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Add Stylish Legs to Outdated Dresser

Updated: Jul 11, 2023

When Hudson and I got married, we brought our childhood furniture with us. We each had a matching dresser and nightstand, with totally different stains and style. Neither of us was ready to part with our furniture or alter them, especially because I was really new to DIY. So, I began to look at brand new dressers... Well the pieces I like the best are 1,000 to 1,500 a piece. That was and still is WAY above our budget.

I've heard people say that it is worth is to spend what you want on a bedroom suite when you get married because you will likely have it forever. For my husband and I, I do not think that is right for several reasons.

  1. What you like now, may change in 5-10 years

  2. Our bedroom size will change when we build our forever home. The furniture we have now may not fit the space appropriately

  3. Paying outright for quality furniture you want will mean a LARGE chunk of money

  4. If you can't afford a large sum of money, you might buy lower quality furniture that you do not love

  5. Financing means one more monthly payment

The dressers that I think are gorgeous love from places like Birch Lane have a beautiful wood finish with detailed legs raising it off the ground, like the one below! Click to follow it to the website. I love the smooth straight lines above the legs. There are no intricate detailed legs like the dressers we had growing up. Simple, elegant and classic. But again, way out of budget.

With all of these reasons in mind, I decided to create a matching pair of dressers from facebook marketplace. I planned on buying real wood furniture, sanding and staining. Well, I was a bad judge of furniture. Twice lol. I bought particle board furniture without realizing it, but I purchased each for about 50$. So I made it work! The dressers I found are not exactly "matching" pieces, but that's okay! We can make it match.

These pieces are clearly nothing like the inspiration dresser. Both bases have detailed front board pieces. The sides are one board extending straight to the ground. The first dresser was my practice piece. And I definitely chose the hard path. I thought it would be easy to cut off the curved part at the line indicated, all the way across the dresser (front and sides). In theory, this would create that smooth straight line like I desired. However, I would not recommend this plan. In the corners, I found very thick and HARD wood (or plastic) to cut through. It was very difficult especially because I was not very familiar using the circular saw.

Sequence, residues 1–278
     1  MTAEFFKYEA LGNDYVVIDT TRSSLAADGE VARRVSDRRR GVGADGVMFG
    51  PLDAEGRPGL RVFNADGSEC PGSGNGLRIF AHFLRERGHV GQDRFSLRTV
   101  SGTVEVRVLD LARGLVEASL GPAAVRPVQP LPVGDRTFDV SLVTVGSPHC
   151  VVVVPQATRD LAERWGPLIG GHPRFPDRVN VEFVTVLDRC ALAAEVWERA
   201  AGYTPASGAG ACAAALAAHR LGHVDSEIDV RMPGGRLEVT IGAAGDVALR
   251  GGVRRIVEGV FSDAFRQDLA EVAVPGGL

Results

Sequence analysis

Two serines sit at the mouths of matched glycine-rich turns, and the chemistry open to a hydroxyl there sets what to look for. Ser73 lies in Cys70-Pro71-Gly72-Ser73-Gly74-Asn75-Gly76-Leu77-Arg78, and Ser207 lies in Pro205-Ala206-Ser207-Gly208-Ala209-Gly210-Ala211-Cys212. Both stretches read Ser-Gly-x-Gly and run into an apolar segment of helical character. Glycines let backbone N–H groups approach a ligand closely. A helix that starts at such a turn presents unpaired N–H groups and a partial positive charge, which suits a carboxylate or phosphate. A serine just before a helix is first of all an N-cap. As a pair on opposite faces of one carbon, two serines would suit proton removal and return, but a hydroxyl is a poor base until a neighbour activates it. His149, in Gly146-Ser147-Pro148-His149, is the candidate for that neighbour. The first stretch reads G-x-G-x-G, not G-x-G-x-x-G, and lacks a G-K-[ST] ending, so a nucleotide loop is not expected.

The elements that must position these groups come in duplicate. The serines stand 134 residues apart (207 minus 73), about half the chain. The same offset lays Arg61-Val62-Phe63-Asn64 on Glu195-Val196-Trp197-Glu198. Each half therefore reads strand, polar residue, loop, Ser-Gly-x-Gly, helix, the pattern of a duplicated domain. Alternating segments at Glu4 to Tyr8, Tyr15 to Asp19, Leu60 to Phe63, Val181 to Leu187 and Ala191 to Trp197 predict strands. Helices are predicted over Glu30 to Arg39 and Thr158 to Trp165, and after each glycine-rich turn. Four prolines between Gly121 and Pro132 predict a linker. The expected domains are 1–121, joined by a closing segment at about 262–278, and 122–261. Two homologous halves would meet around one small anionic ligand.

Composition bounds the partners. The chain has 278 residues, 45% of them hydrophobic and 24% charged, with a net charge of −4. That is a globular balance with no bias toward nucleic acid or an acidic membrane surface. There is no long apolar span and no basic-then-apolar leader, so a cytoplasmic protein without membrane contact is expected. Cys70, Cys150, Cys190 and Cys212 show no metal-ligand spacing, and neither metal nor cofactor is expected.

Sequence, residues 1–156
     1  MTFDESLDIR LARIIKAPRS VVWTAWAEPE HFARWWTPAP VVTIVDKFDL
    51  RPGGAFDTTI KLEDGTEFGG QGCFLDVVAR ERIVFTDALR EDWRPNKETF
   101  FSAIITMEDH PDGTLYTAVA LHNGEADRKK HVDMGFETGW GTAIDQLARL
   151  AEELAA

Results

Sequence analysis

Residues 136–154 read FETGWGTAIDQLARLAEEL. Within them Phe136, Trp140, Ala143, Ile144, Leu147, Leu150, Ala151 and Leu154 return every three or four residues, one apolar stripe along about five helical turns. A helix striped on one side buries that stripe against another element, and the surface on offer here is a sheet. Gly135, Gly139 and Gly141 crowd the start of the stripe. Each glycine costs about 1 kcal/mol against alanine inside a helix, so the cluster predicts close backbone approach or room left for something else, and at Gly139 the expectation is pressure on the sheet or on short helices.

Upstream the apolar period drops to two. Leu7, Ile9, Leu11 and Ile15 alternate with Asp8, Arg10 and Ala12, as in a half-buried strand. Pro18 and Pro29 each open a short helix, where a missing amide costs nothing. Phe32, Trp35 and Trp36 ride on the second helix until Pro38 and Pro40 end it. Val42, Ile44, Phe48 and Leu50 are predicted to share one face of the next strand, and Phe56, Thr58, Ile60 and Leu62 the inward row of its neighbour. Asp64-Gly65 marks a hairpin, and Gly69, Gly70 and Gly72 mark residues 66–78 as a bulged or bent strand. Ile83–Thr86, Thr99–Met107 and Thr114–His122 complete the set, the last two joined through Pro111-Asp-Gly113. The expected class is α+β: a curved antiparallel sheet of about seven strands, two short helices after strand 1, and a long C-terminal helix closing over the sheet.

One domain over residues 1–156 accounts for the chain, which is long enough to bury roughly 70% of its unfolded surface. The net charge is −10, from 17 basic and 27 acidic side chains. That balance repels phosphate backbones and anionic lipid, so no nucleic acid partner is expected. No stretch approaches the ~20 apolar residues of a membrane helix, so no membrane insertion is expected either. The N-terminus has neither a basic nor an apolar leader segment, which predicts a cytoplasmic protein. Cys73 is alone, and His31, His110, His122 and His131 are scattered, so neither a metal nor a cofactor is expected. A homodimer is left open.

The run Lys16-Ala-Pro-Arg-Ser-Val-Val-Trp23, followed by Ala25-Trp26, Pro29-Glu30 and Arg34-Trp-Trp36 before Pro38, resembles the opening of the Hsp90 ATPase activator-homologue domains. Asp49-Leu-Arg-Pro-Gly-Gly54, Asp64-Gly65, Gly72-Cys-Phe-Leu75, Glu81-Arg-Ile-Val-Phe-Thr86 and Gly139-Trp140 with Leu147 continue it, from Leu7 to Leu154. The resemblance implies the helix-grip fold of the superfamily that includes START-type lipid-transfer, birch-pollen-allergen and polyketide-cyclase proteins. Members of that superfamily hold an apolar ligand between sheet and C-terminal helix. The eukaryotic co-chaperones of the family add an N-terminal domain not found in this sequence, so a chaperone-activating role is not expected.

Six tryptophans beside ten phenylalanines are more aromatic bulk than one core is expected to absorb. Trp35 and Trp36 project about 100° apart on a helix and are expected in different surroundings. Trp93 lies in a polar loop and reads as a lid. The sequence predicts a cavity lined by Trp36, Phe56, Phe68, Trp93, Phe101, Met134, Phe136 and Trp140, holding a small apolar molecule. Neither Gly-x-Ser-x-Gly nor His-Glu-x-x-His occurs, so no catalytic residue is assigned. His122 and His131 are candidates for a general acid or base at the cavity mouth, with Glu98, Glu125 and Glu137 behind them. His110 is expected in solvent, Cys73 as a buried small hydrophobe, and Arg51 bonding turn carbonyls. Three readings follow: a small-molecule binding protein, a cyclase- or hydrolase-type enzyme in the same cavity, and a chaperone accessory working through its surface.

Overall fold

What I would recommend is the plan I used for the tall dresser! I simply removed the decorative front board. Then, I added a new board to the front that was the same width creating one length of the entire dresser. I wish I had taken a photo without the board, but I wasn't on the blog train yet. The new board I added was a cut to the appropriate width, and my dad added a curved detail to the top to match the drawers. I haven't had the chance to try out a router yet, but he does a great job! The new board is attached with my nail gun and screws.

After I created one straight rectangular base, I began working on adding legs. I chose these from Amazon! Click the image to follow to my amazon link. I love the detailed look of the legs. They're 3 inches tall, perfect for the dressers. Due to the dresser being made of particle board, not high-quality wood dressers, there was not a place to mount the legs. That meant I had to get creative. After staring at the base of the dressers for a long time, I found a solution.

How to Attach Legs to Dressers

Items Needed:

  • Clamps

  • Power drill

  • Corner brackets

  • Wood Glue

  • 2"x 4" however long required

How to create a base:

First attach the legs to the mounting brackets. The mounting bracket fits perfects on a 2"x4". On the first dresser, I first attached a board to the long side of the dresser with wood glue, brackets and clamps. After that board was set, I attached the shorter board to the sides. After the boards were secured to the dresser, I attached the mounting bracket to the 2"x4".

The second dresser I took a different approach:

Instead of attaching 3 2'x4s, I added 2 along the long edge of the dresser using wood glue, corner brackets and clamps. The 2x4 along the front is glued to the front and the sides. However the back board is only glued at the sides. I added brackets to every corner for more stability.

I am not sure which design I did is better. Honestly, I was trying to do it as cheap as possible but still safe and sturdy! My recommendation would be to build a full rectangular base, however like I said, I have not had any problems with either dresser.

Let me know if you have any questions! Thanks for reading along!


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